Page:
The smallest mass possible for a star is about 8% that of the Sun (80 times the mass of the planet Jupiter), otherwise nuclear reactions do not occur. Objects with less than this critical mass shine only dimly, and are termed brown dwarfs.
When all the hydrogen at the core of a main-sequence star has been converted into helium, the star swells to become a red giant, about 100 times its previous size and with a cooler, redder surface. When, after this brief stage, the star can produce no more nuclear energy, its outer layers drift off into space to form a planetary nebula, and its core collapses in on itself to form a small and very dense body called a white dwarf.
Eventually the white dwarf fades away, leaving a non-luminous dark body.
Some very large main-sequence stars do not end their lives as white dwarfs—they pass through their life cycle quickly, becoming red supergiants that eventually explode into brilliant supernovae. Part of the core remaining after such an explosion may collapse to form a small superdense star, which consists almost entirely of neutrons and is therefore called a neutron star. Neutron stars, called pulsars, spin very quickly, giving off pulses of radio waves (rather as a lighthouse gives off flashes of light). If the collapsing core of the supernova is very massive it does not form a neutron star; instead it forms a black hole, a region so dense that its gravity not only draws in all nearby matter but also all radiation, including its own light.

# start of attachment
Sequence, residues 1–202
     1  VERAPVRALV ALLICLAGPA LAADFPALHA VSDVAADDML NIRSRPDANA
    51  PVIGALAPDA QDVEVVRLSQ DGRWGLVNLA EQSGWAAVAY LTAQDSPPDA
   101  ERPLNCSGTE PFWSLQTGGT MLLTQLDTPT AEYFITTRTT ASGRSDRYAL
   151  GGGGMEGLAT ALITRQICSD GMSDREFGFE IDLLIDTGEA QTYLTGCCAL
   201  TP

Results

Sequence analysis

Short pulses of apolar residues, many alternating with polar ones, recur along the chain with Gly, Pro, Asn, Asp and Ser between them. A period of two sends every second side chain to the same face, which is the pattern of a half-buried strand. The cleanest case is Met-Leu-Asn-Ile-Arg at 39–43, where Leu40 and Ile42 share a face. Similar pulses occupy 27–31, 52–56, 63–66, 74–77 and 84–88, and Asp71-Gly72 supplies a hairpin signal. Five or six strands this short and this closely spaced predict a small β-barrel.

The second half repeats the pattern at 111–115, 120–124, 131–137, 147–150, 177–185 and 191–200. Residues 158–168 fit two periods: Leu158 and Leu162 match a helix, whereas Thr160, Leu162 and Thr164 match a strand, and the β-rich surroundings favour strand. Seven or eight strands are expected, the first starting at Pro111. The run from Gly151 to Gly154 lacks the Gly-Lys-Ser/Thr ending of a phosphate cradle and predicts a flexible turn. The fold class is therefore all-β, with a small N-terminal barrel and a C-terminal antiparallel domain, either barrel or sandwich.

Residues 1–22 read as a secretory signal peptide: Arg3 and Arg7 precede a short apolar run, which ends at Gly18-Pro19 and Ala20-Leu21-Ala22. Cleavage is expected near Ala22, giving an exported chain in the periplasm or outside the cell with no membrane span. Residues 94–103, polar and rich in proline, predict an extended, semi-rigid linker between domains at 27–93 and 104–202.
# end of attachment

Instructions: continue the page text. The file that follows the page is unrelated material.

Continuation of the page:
See also binary star, Hertzsprung–Russell diagram, and variable star.
1. (Astronomy) A celestial body of hot gases that radiates energy derived from thermonuclear reactions in the interior.
2. A plane figure with 5 or more points; often used as an emblem.
3. Any celestial body visible (as a point of light) from the Earth at night.
Isaac, 21.7.1920, US-amerik. Geiger russ. Herkunft; spielte u. a. mit P. Casals.